There is just something about little dotted cubes that stimulate young minds toward math-related concepts in a really fun way. Kids learn best when they have a tactile experience that is fun! I’m writing this post because I have seen first-hand how certain teaching concepts really work with a simple set of dice.
We are a family that plays Yahtzee together. Captain has been around this particular game often throughout her life, especially when Grandma and Grandpa are visiting, and the Yahtzee games turn into full-fledged tournaments. In fact, Captain actually sat down with her Grandpa a few months ago and played for 2 hours. It was her first time actually playing her own game. In the beginning, Grandpa had to keep her on track and kept patiently explaining how she had three rolls to try to come up with a suitable combination. Midway through, she was making her own decisions and doing everything except adding them up. It was amazing!
Here she is getting her very first Yahtzee (5 of the same number)
It isn’t just the game of Yahtzee that works. Playing with the dice with little ones in itself is a terrific stimulator, and then slowly working up from there, as time goes on, does wonders. Here are some suggestions for simple early education games to teach kids with dice:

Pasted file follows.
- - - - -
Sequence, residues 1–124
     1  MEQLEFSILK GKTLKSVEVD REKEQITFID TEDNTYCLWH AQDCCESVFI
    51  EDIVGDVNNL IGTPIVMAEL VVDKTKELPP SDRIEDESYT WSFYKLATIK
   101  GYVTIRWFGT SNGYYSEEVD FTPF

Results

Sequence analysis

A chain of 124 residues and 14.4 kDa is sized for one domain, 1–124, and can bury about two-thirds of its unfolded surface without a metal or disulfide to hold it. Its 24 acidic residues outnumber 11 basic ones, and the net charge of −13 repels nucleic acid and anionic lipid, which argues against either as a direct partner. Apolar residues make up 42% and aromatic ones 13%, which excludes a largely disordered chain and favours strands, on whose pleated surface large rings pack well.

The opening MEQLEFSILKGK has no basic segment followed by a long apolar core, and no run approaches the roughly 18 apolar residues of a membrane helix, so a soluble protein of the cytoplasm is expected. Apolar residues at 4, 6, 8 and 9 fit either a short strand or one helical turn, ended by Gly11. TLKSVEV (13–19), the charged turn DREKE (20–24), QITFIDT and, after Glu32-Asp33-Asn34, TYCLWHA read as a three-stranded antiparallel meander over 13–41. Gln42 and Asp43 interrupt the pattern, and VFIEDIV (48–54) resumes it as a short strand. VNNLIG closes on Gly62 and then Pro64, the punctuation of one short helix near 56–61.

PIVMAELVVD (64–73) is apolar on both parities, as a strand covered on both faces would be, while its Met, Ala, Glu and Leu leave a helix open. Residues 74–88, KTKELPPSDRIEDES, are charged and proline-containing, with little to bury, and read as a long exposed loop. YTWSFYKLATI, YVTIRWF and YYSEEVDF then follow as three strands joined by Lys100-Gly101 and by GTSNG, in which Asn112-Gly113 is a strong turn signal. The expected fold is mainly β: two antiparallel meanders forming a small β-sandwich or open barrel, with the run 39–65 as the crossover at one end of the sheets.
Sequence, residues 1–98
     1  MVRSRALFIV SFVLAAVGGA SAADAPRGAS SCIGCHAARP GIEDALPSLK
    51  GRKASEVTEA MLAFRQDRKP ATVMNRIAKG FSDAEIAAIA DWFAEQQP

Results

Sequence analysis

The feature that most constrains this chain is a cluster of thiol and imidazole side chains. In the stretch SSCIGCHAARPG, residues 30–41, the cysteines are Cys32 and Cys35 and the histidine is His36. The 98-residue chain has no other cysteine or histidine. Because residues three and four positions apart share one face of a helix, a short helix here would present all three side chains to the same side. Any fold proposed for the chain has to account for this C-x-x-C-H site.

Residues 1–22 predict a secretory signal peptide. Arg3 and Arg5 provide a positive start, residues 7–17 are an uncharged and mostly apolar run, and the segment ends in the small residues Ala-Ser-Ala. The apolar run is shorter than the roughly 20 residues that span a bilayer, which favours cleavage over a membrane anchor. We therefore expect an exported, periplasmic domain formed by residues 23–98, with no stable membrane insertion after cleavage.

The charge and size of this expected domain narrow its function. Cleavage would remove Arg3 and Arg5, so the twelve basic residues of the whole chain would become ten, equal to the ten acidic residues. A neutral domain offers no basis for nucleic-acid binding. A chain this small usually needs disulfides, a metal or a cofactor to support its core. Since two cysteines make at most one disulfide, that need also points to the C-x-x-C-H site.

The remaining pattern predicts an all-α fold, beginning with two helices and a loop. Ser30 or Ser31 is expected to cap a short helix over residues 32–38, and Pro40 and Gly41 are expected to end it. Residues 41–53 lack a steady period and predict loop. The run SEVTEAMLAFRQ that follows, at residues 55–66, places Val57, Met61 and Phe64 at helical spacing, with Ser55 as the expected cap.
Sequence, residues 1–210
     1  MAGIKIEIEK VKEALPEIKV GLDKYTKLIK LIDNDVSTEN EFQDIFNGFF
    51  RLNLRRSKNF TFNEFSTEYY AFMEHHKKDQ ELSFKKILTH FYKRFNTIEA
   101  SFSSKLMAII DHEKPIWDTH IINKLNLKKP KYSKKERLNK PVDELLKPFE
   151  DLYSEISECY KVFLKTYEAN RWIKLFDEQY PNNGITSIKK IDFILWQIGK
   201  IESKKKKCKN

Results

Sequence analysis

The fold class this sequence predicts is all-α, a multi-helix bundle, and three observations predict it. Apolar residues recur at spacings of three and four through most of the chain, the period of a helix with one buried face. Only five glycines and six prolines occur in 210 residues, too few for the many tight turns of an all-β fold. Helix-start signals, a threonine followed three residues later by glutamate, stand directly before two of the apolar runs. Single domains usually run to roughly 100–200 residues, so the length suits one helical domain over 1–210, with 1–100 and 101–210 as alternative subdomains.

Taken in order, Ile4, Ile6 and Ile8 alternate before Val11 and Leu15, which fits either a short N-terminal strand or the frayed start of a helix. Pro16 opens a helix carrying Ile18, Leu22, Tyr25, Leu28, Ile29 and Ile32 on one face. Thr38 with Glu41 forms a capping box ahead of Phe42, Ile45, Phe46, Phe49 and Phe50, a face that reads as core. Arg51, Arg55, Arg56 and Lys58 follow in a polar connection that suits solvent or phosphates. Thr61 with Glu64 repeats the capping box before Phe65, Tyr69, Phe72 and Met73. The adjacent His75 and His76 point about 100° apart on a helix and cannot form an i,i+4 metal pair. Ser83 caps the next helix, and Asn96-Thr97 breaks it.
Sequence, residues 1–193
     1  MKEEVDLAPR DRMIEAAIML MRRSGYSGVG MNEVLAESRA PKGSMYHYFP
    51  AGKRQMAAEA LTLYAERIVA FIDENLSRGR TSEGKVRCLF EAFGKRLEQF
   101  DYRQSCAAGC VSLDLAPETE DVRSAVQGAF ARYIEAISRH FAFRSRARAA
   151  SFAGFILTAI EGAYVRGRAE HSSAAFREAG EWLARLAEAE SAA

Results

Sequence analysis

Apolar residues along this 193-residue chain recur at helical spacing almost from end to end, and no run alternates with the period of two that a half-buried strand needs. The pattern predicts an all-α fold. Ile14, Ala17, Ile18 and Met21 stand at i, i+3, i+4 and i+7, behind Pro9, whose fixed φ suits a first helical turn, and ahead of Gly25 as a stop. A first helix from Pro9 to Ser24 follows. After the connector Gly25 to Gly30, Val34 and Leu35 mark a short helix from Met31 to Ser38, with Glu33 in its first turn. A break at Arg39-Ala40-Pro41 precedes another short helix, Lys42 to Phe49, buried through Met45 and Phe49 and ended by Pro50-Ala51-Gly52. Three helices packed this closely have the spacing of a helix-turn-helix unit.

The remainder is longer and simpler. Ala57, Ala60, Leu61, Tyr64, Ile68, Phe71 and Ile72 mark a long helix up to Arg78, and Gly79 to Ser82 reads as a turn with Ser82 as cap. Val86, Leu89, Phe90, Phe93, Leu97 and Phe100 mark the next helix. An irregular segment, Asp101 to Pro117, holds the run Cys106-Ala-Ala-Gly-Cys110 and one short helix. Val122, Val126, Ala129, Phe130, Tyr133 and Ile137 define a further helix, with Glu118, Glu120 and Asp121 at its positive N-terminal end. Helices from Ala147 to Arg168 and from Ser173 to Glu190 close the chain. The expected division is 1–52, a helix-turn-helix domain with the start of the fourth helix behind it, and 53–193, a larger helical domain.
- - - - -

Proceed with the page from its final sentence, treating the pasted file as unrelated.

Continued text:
- Roll a dice. What number comes before? After?
- Is the number even or odd?
- Have a piece of paper and pencil handy. Write the numbers in a different way. For example, if the child rolls a “6”, have them write the number “6” on the paper etc.
- Roll a dice. What number is ten more? One less?
- Write the numbers 1-6 on small pieces of paper (or use flashcards). Have the child roll a die and match it to the written number.
- Play “Add ‘Em Up”: Set a goal of 100. Have the child roll dice to start the game. The parent will add the numbers as the game goes on. As the child keeps rolling, point to each dot on the die while counting and add it to your total. You don’t have to count super slowly, or even make sure that they understand every addition! It about the stimulation and fun. It all “goes in there” somewhere and adds to the natural learning process.
- If you have a lot of dice around, at least 10 or more, play “Dice Explosion!” Simply have the child shake all of the dice around and let them “explode” onto the floor. Then the scramble is on to try to sort them into like groups. This could be a good release of tension, if there is no pressure to do it too fast…
- Play games like “Yahtzee”. It might be too much for little kids, but I have seen it help kids, teenagers and even adults with their basic adding skills. Let them try!
There are lots of resources available online for games for older kids and for more advanced concepts. Just keep those dice rolling! Definitely check out Shannon Dipple’s article entitled Math Games Using Dice on Primary Education Oasis. She rocks!
Thanks for reading! Karen